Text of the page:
Sunday, August 10, 2008

The 1932 Chrysler Eight


This "Instruction Book" is the one that was given to the first owner, and it amazes me that after 75 years it's still with the car. 75 years is far more than enough time for all sorts of unfortunate things to occur to paper booklets.





Rubber fan blades for added safety
Amazing surviving souvenier of a trip through Milwaukee
I'd like to know how much better the air feels rushing in through the front windows, than through floor vents. Without air conditioning it would still feel like a blast furnace it it were hotter than 90 F outside, but in the 60's or 70 degrees range it would feel great I believe
An amazing interior through-out. Machine turned gauge panel, white background gauges, a "Hades" heater... must be hot as hell! and look at the controls for the radio, I've never seen the type before, and just love them for their uniqueness

Several setting for both sides. City, country, music, voice... I forgot the others

The radio and speaker are both in this housing
The hot water heater takes advantage of the 180 degree Fahrenheit coolant that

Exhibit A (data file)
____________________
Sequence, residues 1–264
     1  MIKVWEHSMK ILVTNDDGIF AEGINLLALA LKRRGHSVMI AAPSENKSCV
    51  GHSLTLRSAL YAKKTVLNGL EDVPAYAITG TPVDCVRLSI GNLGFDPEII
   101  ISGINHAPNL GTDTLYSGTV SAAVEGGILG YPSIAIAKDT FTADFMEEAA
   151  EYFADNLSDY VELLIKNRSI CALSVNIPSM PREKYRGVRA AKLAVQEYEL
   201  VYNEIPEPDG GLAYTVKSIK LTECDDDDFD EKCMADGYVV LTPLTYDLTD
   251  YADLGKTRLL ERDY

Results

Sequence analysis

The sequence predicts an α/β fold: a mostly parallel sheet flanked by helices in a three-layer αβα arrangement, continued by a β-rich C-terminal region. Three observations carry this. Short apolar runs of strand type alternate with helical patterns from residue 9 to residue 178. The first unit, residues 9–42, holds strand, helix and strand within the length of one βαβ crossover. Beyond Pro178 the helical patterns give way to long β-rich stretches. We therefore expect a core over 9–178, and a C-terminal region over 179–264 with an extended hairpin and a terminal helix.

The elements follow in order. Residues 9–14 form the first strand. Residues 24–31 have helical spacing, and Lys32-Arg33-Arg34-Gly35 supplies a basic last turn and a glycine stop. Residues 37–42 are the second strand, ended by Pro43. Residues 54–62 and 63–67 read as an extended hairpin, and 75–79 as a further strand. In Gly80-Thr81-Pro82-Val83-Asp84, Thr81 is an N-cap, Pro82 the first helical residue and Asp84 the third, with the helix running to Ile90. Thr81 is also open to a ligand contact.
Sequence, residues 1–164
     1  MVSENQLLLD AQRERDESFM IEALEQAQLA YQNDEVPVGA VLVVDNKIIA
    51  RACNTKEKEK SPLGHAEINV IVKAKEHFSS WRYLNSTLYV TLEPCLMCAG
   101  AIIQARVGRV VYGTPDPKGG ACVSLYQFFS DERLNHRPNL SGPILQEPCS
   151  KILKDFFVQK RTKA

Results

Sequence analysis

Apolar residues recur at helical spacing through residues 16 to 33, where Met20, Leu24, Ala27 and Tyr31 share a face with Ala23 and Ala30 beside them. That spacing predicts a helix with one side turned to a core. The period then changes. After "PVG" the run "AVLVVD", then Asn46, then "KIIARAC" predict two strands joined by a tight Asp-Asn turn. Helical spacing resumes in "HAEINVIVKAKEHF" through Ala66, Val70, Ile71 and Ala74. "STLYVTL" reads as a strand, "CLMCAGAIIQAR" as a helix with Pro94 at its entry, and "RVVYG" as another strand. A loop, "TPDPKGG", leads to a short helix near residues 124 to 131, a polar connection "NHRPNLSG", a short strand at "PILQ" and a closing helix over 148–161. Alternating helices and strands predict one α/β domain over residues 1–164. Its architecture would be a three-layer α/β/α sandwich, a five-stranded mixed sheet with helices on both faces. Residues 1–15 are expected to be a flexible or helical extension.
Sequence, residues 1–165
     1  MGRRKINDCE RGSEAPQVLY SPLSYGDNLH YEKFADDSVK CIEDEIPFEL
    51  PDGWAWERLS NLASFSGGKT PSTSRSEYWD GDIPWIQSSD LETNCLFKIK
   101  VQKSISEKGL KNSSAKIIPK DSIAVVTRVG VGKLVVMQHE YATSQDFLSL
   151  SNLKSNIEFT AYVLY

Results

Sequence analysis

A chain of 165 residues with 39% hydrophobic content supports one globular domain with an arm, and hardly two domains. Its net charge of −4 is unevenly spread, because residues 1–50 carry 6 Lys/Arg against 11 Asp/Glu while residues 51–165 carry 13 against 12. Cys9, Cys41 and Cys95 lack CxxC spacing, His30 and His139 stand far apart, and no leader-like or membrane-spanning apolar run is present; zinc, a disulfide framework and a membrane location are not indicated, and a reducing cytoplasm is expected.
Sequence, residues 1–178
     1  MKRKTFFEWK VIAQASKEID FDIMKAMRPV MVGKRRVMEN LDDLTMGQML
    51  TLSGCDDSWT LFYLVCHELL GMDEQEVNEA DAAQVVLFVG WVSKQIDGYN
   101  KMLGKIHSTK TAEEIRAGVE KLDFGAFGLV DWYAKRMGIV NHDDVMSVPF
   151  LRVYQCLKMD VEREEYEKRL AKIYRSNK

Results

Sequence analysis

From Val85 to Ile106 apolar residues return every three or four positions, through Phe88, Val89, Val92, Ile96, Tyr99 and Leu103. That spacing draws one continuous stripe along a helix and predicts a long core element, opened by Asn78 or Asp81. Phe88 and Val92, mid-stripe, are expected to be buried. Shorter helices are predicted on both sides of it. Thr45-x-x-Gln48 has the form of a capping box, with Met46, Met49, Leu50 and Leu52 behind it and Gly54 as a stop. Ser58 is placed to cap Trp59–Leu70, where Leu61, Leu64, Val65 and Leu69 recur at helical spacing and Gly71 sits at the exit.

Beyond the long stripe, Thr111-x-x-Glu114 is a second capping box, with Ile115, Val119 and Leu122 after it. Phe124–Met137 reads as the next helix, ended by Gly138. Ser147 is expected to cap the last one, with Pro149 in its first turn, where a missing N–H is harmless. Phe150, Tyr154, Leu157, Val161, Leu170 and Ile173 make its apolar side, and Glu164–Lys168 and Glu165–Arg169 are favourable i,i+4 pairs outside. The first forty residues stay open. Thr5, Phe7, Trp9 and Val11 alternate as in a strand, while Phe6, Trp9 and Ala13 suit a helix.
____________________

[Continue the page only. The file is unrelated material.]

circulates through the engine block’s water jacket and radiator. Some of this coolant is diverted into the heater which consists of a core (which is the same as the radiator only smaller) and an electric fan to move air through the core then into the car’s interior.
Benefits with the hot water heater are the air inside the car’s interior is continuously
re-circulated and warmed further and further also, the amount of heat can be regulated by the heater switch which consists of a rheostat that gives you control to regulate the speed of the fan motor.
There are many different after market makes and models of hot water heaters that were made during the 1920 and 30’s such as the “Hadees”, “Sahara” and the “Tropic Air” Chevrolet for example provided there own OEM hot water heater in the late 1920’s and 1930’s as an approved accessory. http://www.vtmodelaford.org/manmayjune2006.pdf page 3 and 4


Vent or ashtray, I'm not sure, since it's the first I've seen of this kind... and I forgot to ask


This is a nice furniture style armrest!





German made luggage, in a trunk made in Michigan... huh. Odd.


I believe the car was happened across when the current owner made a semiannual trip to one of his companies factories in the early 70's. Figure the unlikeliness of him stopping in the small town where this car was stored after the original owner had passed away... for lunch. After leaving the diner he spots this car parked on the street.. for that very day was the one day a month the car was taken out by a friend of the deceased to keep it running. This unlikely timing was just remarkable, and the new owner talked to the driver, found that the fmily had no interest in the car, and bought it. Good darn story!

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